Tag: olives

The Chef’s Take: Green Olive Tapenade from David Lebovitz

by in Chefs and Restaurants, August 20, 2014

olive tapenade
“When you cook at home, you know exactly what is going into the food you’re eating,” says David Lebovitz, who has been cooking and baking for most of his life — much of it in restaurants. He spent nearly thirteen years at Chez Panisse, working with Alice Waters and pastry chef Lindsey Shere, who became his mentor. He left the famed Berkeley restaurant in 1999 to coincide with the release of his first book, Room for Dessert. And five years later, he moved to Paris with little more than a cast-iron skillet and one French phrase: pain au chocolat.

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10 Uses for Olives of All Kinds

by in Robin's Healthy Take, October 28, 2013

olives

When it comes to phytonutrients (plant nutrients), olives offer powerful antioxidants and anti-inflammatory properties, some of which are unique to olives themselves. For example, olives contain hydroxytyrosol, a phytonutrient that may help stave off cancer and bone loss. Also in olives’ favor: Almost three-quarters of olives’ fat is oleic acid, a heart-healthy, monounsaturated fatty acid. Olives contain linoleic acid (another essential fatty acid) and alpha-linolenic acid (an Omega-3 fatty acid). This high concentration of “good” fat means olives may reduce the risk of cardiovascular disease and help decrease blood pressure. Studies show that olives may also provide health benefits to much of the rest of the body, including the respiratory, nervous, immune, inflammatory and digestive systems. Ready incorporate olives into your menus? Here are 10 great ways.

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Why We Love Olives

by in Why We Love, September 28, 2012

olives
My friends and family can attest that olives are one of my all-time favorite foods. I heart olives in my morning omelet, chopped into my Israeli-Style Salad and when sipping on a cold brew. There’s no wrong time to munch on this salty, briny fruit.

Olive Facts
Olives date back to biblical times where the olive branch was a symbol of peace. These gems were thought to have originated in the Mediterranean, tropical and central Asia and several parts of Africa. Olive trees were first seen in California in the late 1700s.

Olives grow on trees, have one pit in the center, and contain oil in their flesh. In order to extract their oil the olives must be pressed. The difference between a green and black olive is their degree of ripeness: black olives are the most ripe. Fresh olives picked right off the tree are inedible and must be prepared with brine, salt or cured in olive oil before being consumed.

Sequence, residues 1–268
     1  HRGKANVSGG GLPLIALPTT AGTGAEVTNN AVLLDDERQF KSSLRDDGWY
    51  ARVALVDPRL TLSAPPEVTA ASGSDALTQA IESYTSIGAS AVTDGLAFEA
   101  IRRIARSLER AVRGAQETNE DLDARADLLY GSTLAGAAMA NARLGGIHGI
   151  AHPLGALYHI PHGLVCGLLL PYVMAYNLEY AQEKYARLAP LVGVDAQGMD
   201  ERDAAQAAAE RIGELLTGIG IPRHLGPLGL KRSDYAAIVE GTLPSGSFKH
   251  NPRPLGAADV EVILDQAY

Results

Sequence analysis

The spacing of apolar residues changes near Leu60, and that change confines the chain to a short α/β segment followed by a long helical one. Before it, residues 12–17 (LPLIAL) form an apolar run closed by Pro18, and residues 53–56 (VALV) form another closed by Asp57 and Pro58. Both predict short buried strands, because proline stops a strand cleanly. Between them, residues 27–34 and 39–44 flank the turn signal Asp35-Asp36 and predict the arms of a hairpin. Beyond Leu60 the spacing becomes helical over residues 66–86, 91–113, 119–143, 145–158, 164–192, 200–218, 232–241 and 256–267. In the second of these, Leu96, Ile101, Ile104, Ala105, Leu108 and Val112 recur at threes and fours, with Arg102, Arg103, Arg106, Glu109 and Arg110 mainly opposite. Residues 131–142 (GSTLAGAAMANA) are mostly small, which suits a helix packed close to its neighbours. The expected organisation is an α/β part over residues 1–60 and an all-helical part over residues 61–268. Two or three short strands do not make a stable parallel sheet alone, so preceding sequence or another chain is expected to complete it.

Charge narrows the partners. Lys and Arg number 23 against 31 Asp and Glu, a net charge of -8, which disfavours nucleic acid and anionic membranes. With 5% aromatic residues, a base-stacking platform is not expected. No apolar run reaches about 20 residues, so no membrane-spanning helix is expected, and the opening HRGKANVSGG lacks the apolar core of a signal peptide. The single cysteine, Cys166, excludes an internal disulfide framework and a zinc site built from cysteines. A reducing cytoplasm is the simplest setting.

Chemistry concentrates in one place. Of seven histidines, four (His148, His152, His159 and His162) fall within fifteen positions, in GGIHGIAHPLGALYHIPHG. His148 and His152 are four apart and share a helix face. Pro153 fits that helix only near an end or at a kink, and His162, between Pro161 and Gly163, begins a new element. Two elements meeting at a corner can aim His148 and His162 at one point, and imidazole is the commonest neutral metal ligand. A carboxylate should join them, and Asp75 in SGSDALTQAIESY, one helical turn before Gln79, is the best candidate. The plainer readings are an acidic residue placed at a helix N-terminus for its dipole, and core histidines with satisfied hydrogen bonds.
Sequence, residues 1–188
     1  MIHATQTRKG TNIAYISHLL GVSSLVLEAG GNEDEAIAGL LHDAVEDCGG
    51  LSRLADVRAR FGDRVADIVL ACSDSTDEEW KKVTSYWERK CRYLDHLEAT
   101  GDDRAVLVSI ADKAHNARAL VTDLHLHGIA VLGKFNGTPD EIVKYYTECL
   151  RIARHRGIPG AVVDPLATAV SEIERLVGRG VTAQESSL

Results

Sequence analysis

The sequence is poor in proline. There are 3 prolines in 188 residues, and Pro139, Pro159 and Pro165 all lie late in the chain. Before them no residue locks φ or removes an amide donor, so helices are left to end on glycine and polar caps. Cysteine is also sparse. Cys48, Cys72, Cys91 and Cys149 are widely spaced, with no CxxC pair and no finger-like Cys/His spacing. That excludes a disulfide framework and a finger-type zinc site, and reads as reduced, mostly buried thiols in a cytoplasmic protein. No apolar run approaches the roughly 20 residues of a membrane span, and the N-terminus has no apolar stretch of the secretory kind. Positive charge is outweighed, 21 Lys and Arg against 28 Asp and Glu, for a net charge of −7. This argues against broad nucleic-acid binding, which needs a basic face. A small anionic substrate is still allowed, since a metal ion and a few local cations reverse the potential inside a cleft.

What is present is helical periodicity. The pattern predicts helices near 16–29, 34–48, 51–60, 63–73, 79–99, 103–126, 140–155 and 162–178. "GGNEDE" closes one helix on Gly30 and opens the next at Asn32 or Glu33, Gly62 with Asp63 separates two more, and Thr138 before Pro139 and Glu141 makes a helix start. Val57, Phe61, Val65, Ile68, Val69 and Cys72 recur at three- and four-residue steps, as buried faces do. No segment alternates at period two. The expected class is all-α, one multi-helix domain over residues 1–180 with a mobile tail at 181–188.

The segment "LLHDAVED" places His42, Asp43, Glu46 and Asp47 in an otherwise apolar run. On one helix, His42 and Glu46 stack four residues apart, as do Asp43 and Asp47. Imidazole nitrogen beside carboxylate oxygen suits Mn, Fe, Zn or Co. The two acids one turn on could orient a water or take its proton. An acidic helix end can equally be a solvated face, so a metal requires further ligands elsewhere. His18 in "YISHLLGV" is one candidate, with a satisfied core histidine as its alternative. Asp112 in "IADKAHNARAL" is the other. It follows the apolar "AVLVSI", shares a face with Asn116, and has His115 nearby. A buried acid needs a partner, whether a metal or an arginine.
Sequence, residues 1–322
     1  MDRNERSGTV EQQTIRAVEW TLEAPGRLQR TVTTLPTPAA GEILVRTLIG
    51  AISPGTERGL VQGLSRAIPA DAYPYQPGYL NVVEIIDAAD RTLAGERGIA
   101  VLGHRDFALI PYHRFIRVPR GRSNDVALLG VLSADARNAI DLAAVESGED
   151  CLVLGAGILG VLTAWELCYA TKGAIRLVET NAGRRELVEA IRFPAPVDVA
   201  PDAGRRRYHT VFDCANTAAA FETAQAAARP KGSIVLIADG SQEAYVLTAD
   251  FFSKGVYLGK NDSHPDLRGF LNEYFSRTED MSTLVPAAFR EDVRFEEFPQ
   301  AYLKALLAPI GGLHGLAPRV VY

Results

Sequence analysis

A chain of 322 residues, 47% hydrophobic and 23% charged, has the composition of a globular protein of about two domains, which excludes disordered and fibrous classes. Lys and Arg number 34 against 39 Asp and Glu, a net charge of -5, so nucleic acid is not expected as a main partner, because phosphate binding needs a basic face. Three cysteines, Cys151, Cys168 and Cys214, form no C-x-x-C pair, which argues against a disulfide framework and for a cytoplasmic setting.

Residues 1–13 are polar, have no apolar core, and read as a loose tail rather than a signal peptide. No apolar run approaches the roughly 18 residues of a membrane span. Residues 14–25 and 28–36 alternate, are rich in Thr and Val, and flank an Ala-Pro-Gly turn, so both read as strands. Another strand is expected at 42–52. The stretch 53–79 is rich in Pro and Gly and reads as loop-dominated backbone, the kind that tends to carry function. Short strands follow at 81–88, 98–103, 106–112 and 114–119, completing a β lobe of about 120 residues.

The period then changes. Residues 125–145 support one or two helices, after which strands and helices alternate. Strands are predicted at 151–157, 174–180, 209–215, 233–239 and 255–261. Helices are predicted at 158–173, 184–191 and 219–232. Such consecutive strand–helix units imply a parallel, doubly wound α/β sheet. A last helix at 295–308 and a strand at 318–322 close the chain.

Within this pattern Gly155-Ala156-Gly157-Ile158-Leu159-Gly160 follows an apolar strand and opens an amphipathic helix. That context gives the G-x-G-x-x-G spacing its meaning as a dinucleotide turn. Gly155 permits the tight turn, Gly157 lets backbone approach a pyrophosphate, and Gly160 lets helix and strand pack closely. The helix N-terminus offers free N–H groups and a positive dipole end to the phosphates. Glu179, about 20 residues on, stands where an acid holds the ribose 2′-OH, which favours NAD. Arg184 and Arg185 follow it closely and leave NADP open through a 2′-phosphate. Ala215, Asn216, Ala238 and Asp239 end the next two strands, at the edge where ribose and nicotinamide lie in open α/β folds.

Some of the most popular varieties include Manzanillo, Mission, Rubra, Sevillano and Gordal. Mission is most commonly used for cold-pressed olive oil from California and Gordal is a very popular table olive from Spain.

Today, over 90% of the world’s olive oil production comes from Spain, Italy, Tunisia, Turkey, Greece, Syria, Morocco and Portugal.

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Aisle by Aisle: What To Do at the Deli Counter

by in Grocery Shopping, Healthy Tips, August 3, 2009

deli case by Jackson Chu
To help make for healthier supermarket trips, we’ve filled you in on dos and don’ts for breads, cereals, dairy, bakery goods and frozen foods. Now we’re exploring the best choices when you roll your cart up to the deli counter.

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5 Ingredients: Pasta With Anchovies, Olives & Spinach

by in 5-Ingredient Recipes, May 14, 2009

You may have caught the new show on Food Network — 5 Ingredient Fix. Host Claire Robinson preps full meals from just a few ingredients. Inspired by the idea, we wanted to try creating our own healthy dish created with some simple pantry staples. For this first try, we’re building around simple whole-wheat pasta.

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Spotlight Recipe: Mediterranean Tuna Wrap

by in Healthy Recipes, January 19, 2009

Mediterranean Tuna Wrap
Fruity kalamata olives and olive oil give this tuna tons of flavor (you won’t miss the mayo). Parsley and lemon juice add the perfect amount of freshness. Better still, it’s made with chunk light tuna, which is low in mercury.

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